Paleoenvironmental reassessment of the 1.6-million-year-old record from San Agustin Basin, New Mexico
— Vera Markgraf, J. Platt Bradbury, R. M. Forester, W. McCoy, G. Singh, and R. Sternberg


Early recognition of potential Pleistocene paleoenvironmental records from the arid Southwest came from dry basins and playas in the Basin and Range and Colorado Plateau provinces (Meinzer, 1922). Fossil beach ridges, wave-cut cliffs, and thick sedimentary sequences provided evidence of extensive ancient lakes in these basins during past pluvial periods that were tentatively correlated with the glacial ages.

The San Agustin Basin in western New Mexico (Lat. 34°N, Long. 108°W) and its fossil-lake features have been described in detail by Bryan (1926) and Powers (1939). In the years 1955 and 1958-59, two cores, Oberlin 1 (200 m depth) and Oberlin 2 (600 m depth) were taken near the deepest part of the basin (fig. 1). Sediment texture and pollen were analyzed and yielded a continuous record down to about 300 m (Clisby and Sears, 1956; Clisby and Foreman, 1957; Foreman and others, 1959; Sears, 1961). However, the detailed data were never published. A radiocarbon date of 27,000 yr from the upper 10 m of the section and the appearance of Tertiary pollen below 280 m suggested a long record that extended to the Pliocene. With the exception of the last glacial/interglacial cycle (Wisconsin-Holocene), the paleoenviron-mental analysis failed to define the anticipated earlier cycles of alternating glacial and interglacial environments. The last cycle was characterized by pine/spruce woodland during glacial times which changed to saltbush/grassland by about 10,000 yrs ago. Below 40 m pine/sage-brush/grassland dominates the record, but gradually sagebrush/grass-land becomes dominant below 100 m; spruce pollen was always sparse of the San Agustin Basin to woodland elevations only during the late Pleistocene (Foreman and others, 1959). Although this interpretation seems unlikely, it cannot be rejected because few comparative early Pleistocene paleoenvironmental data are known in this region. On the other hand, the static pollen record could be the result of variable sampling density, poor pollen preservation, and the extreme extraction techniques applied at that time.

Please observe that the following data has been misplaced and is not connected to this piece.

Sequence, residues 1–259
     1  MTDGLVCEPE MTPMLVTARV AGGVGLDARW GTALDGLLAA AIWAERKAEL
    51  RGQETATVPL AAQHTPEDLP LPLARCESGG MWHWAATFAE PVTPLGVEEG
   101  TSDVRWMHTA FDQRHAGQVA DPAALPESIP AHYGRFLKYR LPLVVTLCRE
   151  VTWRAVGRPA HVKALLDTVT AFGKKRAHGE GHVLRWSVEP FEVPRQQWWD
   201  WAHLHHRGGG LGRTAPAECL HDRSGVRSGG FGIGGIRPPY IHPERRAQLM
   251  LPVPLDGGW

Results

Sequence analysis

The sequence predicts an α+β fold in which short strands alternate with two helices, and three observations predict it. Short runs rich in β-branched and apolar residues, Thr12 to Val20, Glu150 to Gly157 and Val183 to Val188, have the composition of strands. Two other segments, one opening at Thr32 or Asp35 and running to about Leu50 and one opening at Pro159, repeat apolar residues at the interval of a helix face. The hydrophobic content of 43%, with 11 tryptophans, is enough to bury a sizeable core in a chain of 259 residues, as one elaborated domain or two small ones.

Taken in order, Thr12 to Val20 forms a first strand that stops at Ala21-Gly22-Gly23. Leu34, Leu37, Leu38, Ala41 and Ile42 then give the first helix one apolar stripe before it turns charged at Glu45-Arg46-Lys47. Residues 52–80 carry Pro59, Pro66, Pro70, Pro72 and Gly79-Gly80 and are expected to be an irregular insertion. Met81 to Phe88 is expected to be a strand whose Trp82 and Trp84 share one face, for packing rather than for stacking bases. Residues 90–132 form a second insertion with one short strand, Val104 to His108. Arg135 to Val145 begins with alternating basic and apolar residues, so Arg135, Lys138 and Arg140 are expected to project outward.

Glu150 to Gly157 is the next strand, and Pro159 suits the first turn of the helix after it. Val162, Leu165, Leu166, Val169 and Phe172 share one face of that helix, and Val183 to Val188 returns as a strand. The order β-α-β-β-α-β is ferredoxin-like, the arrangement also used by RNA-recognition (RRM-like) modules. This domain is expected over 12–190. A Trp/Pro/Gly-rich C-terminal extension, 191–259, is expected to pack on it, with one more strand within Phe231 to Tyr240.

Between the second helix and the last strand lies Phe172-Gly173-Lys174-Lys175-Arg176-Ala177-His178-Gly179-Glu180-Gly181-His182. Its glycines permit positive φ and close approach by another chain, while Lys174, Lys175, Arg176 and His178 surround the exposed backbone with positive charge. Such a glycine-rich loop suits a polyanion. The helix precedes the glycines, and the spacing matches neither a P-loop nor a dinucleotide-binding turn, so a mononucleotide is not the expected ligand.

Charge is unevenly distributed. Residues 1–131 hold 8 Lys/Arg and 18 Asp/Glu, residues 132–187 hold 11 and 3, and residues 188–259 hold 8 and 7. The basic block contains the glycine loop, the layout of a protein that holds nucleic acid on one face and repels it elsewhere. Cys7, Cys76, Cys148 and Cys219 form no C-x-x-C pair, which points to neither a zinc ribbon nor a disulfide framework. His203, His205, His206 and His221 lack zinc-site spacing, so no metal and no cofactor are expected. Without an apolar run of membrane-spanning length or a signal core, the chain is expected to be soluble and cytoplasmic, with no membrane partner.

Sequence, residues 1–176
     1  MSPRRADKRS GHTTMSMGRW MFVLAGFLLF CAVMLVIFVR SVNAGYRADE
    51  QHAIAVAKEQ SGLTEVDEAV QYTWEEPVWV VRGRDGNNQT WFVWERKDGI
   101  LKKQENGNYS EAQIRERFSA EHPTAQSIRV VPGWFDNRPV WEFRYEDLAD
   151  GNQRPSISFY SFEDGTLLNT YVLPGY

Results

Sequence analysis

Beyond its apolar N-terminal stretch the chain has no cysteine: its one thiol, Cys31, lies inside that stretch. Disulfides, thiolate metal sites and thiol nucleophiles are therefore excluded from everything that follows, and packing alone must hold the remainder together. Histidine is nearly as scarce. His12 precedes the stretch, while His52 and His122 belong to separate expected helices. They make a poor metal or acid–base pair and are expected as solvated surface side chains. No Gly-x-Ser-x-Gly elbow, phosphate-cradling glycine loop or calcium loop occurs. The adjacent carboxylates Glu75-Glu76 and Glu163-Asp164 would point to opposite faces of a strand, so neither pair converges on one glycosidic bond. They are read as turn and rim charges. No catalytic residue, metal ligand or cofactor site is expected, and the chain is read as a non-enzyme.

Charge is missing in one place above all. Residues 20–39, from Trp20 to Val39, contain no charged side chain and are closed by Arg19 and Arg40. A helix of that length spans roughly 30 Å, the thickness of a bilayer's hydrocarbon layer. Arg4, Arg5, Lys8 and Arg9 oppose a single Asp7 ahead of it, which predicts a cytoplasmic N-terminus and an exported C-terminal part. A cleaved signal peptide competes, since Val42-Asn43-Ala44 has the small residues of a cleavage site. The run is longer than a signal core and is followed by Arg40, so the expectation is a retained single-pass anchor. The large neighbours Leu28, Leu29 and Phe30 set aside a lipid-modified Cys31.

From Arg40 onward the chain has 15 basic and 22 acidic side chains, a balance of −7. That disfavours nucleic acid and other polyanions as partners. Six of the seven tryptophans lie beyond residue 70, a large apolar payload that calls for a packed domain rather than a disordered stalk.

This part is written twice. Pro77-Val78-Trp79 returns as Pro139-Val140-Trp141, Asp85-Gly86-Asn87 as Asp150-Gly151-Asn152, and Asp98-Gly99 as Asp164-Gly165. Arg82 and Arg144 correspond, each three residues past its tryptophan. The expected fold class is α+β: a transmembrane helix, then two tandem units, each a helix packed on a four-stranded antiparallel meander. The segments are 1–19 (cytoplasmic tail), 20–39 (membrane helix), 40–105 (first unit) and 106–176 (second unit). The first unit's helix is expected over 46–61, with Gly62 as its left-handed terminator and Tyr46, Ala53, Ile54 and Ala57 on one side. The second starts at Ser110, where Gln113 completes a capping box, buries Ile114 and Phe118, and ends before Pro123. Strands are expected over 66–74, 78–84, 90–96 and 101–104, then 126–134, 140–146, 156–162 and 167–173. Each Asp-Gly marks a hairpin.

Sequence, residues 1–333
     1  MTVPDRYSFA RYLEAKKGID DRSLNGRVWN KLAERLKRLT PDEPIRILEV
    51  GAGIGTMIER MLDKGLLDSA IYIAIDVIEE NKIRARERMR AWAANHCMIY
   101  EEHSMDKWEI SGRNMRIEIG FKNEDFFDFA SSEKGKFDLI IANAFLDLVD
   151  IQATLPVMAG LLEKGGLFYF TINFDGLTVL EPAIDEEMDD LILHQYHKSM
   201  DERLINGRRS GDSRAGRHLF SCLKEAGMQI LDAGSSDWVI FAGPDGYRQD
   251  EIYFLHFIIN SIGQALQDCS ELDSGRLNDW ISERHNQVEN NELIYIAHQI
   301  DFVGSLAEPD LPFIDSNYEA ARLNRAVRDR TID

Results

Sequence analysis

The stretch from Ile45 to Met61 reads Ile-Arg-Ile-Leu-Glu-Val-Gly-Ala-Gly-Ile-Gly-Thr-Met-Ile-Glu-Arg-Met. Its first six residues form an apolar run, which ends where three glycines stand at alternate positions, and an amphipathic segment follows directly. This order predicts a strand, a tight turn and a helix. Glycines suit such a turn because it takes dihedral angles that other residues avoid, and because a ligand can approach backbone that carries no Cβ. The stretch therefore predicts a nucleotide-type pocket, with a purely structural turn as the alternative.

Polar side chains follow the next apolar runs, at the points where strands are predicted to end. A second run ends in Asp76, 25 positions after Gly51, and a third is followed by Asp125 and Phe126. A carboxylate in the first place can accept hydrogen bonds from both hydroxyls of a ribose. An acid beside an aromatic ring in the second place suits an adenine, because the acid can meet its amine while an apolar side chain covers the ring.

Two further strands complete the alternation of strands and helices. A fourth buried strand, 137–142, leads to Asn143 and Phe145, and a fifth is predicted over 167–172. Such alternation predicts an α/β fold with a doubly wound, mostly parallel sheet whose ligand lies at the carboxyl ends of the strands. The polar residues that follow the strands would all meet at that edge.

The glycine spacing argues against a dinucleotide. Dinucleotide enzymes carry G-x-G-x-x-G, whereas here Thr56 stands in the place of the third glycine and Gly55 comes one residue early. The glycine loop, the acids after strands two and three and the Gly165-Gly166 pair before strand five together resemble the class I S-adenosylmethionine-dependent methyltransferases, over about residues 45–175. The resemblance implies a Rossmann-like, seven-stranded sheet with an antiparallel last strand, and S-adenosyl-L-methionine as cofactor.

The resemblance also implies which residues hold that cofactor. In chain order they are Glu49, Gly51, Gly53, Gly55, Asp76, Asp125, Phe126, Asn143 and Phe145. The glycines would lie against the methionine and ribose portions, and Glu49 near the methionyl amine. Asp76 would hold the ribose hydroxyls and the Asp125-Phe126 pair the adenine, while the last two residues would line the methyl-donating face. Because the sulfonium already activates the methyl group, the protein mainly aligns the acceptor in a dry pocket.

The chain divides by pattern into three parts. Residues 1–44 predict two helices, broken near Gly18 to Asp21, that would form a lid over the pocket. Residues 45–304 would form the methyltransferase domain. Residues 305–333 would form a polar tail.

Given the importance of such a long continental record and refined dating and preparation techniques, it becomes appropriate to reassess the San Agustin Plains record as follows: 

(1) Determine the age of the record by paleomagnetic analysis (in-clination) of the available original core samples.

(2) Determine the continuity of sedimentation in the basin by cal-culating sedimentation rates of the section using different dating techniques such as radiocarbon, amino-acid racemization, and paleomagnetic data.

(3) Determine the paleoenvironment region as recorded in the pollen assemblages and the paleolimnology as recorded by ostracods and algal assemblages (diatoms, Pediastrum, and Botryococcus). For this purpose we collected and analyzed a third sediment section (auger, fig. 1) extending back to about 20,000 years ago. This interval encompasses the two extreme climate modes (the glacial and interglacial modes), whose paleontologic character should provide a standard for interpreting the earlier record. Comparison of the new paleoenvironmental data with the original results should also provide some insight into the problems of the earlier study.

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Recommended Citation:

  1. Markgraf, Vera; Bradbury, J. Platt; Forester, R. M.; McCoy, W.; Singh, G.; Sternberg, R., 1983, Paleoenvironmental reassessment of the 1.6-million-year-old record from San Agustin Basin, New Mexico, in: Socorro region II, Chapin, C. E., New Mexico Geological Society, Guidebook, 34th Field Conference, pp. 291-297.

[see guidebook]